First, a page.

Philip drives for the family operated and financially struggling Bumble Bee Cab Company. Philip’s “girlfriend”, Allison has a promotional plan for them, but Mom, who works dispatch, is vehemently against it.

Filmed in 2011, Bummer is a short about Philip, a driver for the family operated and financially struggling Bumble Bee Cab Company, that gets carried away by the impulsive and ambitious ideas of a girl he likes into a series of unfortunate events that ultimately will leave him regretting his act of rebellion against his mother’s wishes on the company’s promoting strategies.

The shots are well done and really focus on everything around and including the main character and his surroundings, giving the audience a broader sense of the story’s evolution as it is happening. The photography is really crisp and wonderful, as it was filmed in Skowhegan in the state of Maine, and presents an interesting community of people that unite for a fun event.

One of the funniest things to me about this movie is that everything that looked expensive wasn’t. The real costs were hosting my crew and trying to put a production together in New England where there are not a lot of equipment options.

-Director, Mo Twine

The acting is great in this short, especially from Philip, the main character that portrays the averageguy-seeking-prettygirl’s-approval perfectly. It’s difficult to imagine them not actually being the characters in the movie, and this makes it all the more enjoyable. You understand the decisions he takes, and most probably agree that you would act the same way. You can relate to the situation he gets himself into because it is realistic; from the trying to impress a girl by pleasing her even if it means jeopardizing your means to provide for yourself and being completely aware of it, to displeasing your parent and the overwhelming sensation that takes over you when you dismiss their orders to follow your own. It felt like this last fact could have been stressed a little more, but overall, the viewer can understand this was an element of tension between mother and son and it was enough to grasp the intent behind it and to appreciate the irony of the turnout of the event.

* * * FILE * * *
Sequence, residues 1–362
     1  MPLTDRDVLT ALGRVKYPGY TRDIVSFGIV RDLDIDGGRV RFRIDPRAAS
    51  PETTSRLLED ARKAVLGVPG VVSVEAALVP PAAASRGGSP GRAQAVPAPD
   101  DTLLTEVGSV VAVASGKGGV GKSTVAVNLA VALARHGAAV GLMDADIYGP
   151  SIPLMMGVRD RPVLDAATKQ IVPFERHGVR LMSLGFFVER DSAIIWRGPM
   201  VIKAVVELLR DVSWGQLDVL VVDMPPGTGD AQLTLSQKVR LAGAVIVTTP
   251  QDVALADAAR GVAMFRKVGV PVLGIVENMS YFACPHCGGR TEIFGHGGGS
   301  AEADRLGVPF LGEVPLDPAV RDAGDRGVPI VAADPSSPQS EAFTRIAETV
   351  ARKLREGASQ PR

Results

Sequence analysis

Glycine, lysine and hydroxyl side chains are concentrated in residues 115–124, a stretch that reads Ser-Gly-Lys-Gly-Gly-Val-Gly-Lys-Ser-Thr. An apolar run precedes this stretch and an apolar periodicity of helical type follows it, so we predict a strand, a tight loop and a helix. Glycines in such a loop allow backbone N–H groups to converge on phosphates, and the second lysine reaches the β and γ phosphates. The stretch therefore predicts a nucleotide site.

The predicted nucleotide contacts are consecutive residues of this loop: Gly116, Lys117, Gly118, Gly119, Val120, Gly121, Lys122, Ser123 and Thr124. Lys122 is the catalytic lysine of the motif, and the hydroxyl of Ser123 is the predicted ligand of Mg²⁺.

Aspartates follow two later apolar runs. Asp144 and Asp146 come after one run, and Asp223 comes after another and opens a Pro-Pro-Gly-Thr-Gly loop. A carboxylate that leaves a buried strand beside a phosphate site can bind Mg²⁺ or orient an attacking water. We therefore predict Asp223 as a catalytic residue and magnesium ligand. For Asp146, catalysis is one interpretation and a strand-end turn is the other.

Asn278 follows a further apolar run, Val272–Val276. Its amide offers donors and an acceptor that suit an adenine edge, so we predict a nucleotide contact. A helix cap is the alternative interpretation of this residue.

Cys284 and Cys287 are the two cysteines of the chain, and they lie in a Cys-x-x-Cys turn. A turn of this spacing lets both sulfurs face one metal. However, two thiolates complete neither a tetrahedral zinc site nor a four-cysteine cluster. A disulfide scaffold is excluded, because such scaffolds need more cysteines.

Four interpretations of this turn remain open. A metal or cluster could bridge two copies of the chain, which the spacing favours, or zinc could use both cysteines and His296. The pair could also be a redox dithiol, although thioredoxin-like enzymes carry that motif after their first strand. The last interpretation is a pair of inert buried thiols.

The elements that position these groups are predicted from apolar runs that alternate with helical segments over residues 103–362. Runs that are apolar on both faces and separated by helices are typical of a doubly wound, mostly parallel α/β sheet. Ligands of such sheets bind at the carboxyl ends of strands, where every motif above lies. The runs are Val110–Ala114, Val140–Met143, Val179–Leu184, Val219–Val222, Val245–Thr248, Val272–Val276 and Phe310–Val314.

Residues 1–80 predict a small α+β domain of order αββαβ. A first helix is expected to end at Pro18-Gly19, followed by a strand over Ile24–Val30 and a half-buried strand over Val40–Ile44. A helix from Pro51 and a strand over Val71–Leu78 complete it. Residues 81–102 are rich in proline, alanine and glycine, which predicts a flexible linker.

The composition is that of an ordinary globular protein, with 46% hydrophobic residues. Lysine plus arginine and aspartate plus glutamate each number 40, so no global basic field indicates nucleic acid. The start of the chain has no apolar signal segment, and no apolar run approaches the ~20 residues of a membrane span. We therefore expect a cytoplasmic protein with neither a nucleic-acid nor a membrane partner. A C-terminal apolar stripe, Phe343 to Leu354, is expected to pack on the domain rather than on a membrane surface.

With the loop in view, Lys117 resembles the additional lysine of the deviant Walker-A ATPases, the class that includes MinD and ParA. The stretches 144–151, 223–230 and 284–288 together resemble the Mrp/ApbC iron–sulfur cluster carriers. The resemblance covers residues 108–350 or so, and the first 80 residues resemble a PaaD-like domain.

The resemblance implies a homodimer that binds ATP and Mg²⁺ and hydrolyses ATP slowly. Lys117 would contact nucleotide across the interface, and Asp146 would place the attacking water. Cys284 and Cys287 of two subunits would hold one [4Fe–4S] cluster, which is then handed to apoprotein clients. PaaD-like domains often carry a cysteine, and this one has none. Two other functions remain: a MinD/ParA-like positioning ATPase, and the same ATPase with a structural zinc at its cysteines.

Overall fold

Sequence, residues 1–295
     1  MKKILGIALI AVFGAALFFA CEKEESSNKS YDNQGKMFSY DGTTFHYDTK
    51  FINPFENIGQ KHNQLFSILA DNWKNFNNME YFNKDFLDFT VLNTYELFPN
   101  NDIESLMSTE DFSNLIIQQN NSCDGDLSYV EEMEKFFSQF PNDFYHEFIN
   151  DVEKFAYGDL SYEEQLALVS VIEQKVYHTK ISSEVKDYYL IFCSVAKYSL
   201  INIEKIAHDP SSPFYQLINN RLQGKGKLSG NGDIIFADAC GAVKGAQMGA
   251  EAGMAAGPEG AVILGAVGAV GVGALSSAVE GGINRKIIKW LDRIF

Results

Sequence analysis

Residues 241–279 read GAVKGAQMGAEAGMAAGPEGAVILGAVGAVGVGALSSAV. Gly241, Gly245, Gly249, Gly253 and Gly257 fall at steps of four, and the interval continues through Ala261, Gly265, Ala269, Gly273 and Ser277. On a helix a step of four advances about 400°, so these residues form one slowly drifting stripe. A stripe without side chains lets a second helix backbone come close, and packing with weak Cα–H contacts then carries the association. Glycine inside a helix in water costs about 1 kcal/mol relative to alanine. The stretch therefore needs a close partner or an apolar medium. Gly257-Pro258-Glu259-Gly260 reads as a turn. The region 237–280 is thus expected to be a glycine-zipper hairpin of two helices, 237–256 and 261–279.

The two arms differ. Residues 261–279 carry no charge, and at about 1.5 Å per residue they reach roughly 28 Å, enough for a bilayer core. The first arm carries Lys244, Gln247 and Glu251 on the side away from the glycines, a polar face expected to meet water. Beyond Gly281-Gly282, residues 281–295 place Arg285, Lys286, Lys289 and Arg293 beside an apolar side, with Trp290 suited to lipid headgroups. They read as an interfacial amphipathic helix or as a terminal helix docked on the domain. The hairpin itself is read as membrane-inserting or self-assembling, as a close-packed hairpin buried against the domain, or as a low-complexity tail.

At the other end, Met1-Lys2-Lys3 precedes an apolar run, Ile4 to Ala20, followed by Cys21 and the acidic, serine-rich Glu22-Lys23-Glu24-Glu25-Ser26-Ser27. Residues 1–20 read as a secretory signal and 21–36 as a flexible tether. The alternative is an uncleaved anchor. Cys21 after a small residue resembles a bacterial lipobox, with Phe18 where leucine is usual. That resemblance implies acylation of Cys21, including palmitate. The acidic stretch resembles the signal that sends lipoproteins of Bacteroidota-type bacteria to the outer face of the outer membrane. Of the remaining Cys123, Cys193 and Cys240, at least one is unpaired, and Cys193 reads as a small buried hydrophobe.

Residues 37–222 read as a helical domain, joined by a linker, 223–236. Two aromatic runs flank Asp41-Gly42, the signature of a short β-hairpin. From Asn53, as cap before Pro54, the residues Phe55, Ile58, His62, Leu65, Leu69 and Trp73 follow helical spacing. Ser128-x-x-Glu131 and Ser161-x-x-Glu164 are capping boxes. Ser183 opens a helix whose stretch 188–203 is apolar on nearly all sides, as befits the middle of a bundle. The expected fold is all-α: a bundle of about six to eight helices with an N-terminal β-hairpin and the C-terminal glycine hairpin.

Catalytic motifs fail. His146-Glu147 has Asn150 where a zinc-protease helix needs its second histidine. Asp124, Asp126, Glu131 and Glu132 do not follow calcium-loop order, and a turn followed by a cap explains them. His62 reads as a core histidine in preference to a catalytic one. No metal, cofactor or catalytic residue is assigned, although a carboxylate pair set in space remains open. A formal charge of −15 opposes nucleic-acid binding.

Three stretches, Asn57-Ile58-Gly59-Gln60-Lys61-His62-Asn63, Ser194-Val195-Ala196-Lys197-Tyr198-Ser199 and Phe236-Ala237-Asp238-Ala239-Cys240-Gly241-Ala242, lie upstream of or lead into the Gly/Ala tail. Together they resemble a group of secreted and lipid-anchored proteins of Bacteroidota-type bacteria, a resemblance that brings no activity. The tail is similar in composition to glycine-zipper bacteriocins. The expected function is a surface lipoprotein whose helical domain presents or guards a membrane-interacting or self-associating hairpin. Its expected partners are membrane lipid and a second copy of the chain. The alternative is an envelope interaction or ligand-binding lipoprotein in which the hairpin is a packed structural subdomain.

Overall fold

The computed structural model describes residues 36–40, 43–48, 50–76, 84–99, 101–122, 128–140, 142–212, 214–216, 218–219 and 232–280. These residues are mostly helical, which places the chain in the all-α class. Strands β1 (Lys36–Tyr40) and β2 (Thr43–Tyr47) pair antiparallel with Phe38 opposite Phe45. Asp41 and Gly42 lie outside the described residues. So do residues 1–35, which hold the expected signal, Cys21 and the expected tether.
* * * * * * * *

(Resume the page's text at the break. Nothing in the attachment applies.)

The race track environment itself was very hectic and stressful to shoot in, but I honestly feel I have greater clarity amidst the madness.

-Director, Mo Twine

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